Twixt Europe and Russia, Ukraine
Is feeling incredible strain
As diplomats leave
The markets perceive
That risk is becoming a bane
The fear is that war is in view
At which time the best thing to do
Is buy francs and yen
And Treasuries, then
Be ready for stocks to eschew
While it is true that the Fed meeting on Wednesday is of significant importance to market participants, there is another, much greater concern that has risen to the top of the list today, the growing sound of war drums in the Ukraine. Both sides seem to be increasing both their activities and their rhetoric, and financial markets are really starting to take notice. The immediate losers have been on the Russian side as the MOEX (Russian stock market index) is down 6.1% so far this morning and 15% YTD. In addition, RUB (-1.5%) is the worst performing EMG currency today and this year, having fallen -5.0% so far. The implication is that international investors are fleeing given the threats of retaliation by the EU and NATO in the event Russia actually does invade.
The latest headline from the EU is, FURTHER MILITARY AGGRESSION TO COME AT SEVERE COST. You can see why owning Russian assets seems quite risky here as on a military basis, there is probably very little the EU or NATO can do in response to an invasion. But they can certainly impose much more severe economic sanctions and even boot Russia from the SWIFT system, removing the nation’s access to dollars for any transactions. Of course, given the fact that Germany is so reliant on Russia for its natural gas supply, which by the way has seen prices explode higher this morning in Europe by 12.3%, it does seem unlikely that the most severe sanctions will be imposed.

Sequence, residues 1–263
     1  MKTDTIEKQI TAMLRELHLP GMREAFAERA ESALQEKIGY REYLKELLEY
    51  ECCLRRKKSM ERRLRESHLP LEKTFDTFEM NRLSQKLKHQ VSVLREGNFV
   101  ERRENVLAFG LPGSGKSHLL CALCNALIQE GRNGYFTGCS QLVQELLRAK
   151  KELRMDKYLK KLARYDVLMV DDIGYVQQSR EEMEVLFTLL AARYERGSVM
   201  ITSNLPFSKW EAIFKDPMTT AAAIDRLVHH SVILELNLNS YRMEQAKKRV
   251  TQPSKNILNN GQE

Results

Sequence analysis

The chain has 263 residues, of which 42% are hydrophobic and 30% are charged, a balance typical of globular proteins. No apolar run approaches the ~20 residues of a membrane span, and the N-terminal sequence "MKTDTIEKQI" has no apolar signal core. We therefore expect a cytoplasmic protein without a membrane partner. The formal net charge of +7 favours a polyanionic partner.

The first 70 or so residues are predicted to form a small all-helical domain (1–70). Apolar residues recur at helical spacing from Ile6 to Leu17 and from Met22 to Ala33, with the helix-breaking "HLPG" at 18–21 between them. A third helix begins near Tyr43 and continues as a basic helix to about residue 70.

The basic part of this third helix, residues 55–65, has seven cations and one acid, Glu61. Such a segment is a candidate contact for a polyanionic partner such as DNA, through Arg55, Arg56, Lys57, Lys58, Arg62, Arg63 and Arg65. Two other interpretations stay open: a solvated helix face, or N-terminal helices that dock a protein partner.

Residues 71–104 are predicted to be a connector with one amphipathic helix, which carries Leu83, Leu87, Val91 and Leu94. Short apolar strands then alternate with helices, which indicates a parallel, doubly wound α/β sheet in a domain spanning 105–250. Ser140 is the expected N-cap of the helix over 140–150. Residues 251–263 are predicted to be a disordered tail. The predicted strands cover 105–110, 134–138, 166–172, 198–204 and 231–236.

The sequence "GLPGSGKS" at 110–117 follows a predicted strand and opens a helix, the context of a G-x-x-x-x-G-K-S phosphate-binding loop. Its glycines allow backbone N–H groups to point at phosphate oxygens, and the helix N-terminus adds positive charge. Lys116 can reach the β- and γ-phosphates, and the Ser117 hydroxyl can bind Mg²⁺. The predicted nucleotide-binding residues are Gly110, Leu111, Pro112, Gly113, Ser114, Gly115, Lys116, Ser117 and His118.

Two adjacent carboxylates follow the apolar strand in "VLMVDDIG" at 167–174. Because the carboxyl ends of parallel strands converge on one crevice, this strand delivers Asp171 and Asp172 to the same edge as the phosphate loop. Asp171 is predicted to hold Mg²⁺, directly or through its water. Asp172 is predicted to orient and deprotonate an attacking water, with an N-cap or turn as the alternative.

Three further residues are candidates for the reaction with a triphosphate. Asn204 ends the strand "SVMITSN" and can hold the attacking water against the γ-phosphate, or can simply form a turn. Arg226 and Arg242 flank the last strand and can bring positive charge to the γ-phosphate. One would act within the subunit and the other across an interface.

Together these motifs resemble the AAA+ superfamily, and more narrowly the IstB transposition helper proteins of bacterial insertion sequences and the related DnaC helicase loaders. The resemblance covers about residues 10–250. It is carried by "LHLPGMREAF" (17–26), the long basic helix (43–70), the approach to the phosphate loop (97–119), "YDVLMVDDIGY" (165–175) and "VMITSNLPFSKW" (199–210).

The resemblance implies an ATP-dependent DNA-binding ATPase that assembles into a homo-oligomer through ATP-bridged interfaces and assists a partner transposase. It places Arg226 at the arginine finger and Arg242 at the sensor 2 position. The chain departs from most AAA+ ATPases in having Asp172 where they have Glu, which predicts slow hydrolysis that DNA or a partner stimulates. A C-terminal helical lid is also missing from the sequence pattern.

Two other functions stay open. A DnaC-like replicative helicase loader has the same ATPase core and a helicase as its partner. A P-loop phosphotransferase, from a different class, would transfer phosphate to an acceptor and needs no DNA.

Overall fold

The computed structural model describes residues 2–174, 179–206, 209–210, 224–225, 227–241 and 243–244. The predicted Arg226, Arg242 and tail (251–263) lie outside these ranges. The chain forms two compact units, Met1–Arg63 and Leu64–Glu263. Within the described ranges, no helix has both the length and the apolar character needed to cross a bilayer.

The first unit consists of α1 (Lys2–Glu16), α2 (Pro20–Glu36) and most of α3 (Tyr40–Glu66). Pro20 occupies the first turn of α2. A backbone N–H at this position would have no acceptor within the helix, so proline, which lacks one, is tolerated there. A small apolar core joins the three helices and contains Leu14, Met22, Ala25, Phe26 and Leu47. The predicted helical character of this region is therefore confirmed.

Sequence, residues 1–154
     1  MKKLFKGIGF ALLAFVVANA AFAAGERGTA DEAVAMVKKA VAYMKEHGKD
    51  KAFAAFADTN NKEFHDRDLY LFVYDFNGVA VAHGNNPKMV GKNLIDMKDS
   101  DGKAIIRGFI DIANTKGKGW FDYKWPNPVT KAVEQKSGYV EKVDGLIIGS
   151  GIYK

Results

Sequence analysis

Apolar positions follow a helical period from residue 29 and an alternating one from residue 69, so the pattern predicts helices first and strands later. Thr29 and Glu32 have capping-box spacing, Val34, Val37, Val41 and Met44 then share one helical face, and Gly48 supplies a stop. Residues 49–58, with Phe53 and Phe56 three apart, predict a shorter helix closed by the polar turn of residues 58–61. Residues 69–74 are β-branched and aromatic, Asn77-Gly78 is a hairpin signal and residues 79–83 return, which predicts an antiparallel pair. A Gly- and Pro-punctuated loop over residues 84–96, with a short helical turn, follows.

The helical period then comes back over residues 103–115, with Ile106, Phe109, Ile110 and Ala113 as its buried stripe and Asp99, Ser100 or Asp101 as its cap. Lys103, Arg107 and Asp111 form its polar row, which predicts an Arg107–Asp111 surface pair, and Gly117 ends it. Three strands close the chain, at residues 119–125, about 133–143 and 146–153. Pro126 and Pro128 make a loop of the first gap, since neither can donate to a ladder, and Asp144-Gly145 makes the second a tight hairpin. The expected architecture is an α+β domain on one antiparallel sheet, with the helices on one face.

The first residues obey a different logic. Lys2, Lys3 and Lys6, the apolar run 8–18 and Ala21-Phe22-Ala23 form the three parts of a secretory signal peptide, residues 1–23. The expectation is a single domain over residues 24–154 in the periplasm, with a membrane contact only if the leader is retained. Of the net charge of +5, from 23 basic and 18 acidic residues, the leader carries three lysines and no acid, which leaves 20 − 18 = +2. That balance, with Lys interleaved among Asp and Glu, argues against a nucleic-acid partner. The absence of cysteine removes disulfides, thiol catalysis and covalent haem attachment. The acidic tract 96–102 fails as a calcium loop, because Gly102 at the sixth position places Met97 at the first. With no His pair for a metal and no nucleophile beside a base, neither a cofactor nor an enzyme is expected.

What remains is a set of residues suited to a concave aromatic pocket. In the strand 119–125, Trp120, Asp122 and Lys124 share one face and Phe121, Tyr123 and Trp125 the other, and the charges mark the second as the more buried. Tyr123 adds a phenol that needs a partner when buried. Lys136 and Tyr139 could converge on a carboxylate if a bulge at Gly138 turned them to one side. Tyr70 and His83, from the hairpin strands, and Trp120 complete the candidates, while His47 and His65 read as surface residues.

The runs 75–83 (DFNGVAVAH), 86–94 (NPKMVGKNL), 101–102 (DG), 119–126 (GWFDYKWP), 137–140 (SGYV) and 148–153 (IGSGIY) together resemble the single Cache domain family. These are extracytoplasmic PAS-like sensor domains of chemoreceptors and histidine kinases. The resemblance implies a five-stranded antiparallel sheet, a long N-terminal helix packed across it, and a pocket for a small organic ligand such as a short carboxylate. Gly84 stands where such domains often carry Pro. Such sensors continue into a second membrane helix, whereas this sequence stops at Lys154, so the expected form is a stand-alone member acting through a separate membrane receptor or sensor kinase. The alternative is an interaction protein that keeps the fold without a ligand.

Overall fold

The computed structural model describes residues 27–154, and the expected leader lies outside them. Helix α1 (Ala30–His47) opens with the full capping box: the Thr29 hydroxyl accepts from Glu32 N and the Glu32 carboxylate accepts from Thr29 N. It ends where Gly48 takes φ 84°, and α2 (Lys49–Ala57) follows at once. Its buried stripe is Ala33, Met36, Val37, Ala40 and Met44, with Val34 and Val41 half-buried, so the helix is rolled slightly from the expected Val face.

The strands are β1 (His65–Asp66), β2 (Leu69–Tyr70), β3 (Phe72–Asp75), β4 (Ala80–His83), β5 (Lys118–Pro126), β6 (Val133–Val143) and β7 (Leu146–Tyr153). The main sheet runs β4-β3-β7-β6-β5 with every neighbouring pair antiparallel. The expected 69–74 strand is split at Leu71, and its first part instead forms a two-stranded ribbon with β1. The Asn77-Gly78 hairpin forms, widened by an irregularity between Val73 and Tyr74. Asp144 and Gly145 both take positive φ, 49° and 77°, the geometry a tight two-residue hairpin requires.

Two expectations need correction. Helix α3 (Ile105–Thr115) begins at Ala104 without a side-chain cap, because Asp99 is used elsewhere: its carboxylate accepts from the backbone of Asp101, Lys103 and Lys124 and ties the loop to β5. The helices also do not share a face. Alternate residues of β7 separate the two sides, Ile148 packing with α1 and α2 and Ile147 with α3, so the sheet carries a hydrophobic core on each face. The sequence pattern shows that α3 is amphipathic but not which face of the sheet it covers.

Will this devolve into war? There is no way to know at this time. My take is neither side wants a hot war as those are extremely expensive and difficult to prosecute, but President Putin has an agenda with respect to the West’s attitude toward the Ukraine and what constitutes the Russian sphere of influence. Arguably, one of the big concerns is that leadership in the West lacks both real world experience and any mandate to “protect” the Ukraine. However, they also don’t want to look either foolish or weak to their own constituents. I fear that pride and hubris on both sides could result in a much worse outcome than needs to occur. For a long time, I read the Ukraine tensions as a negotiating tactic by Putin to achieve a greater buffer zone around Russia. Alas, the situation seems to have deteriorated pretty severely and pretty quickly. At this time, one must be prepared for a more dramatic and negative outcome, one which is likely to see traditional havens like yen, Swiss francs, the dollar, and Treasuries rise dramatically.
Apparently, President Xi
Does not like the FOMC
As Jay keeps implying
That rates will be flying
And Xi can’t force growth by decree
While Covid has been an extraordinary burden on the world in so many different ways, as with all things, there has been a modicum of good as a result as well. For instance, the WEF has been downgraded to a bunch of Zoom calls with no elite hobnobbing and very little press overall. However, that elite cadre persist in their efforts to rule the world by decree and I thought it worth highlighting something that didn’t get much press last week when it occurred but offers an indication of China’s current economic thinking. President Xi’s speech included the following, (emphasis added) “Second, we need to resolve various risks and promote steady recovery of the world economy. The world economy is emerging from the depths, yet it still faces many constraints. The global industrial and supply chains have been disrupted. Commodity prices continue to rise. Energy supply remains tight. These risks compound one another and heighten the uncertainty about economic recovery. The global low inflation environment has notably changed, and the risks of inflation driven by multiple factors are surfacing. If major economies slam on the brakes or take a U-turn in their monetary policies, there would be serious negative spillovers. They would present challenges to global economic and financial stability and developing countries would bear the brunt of it.”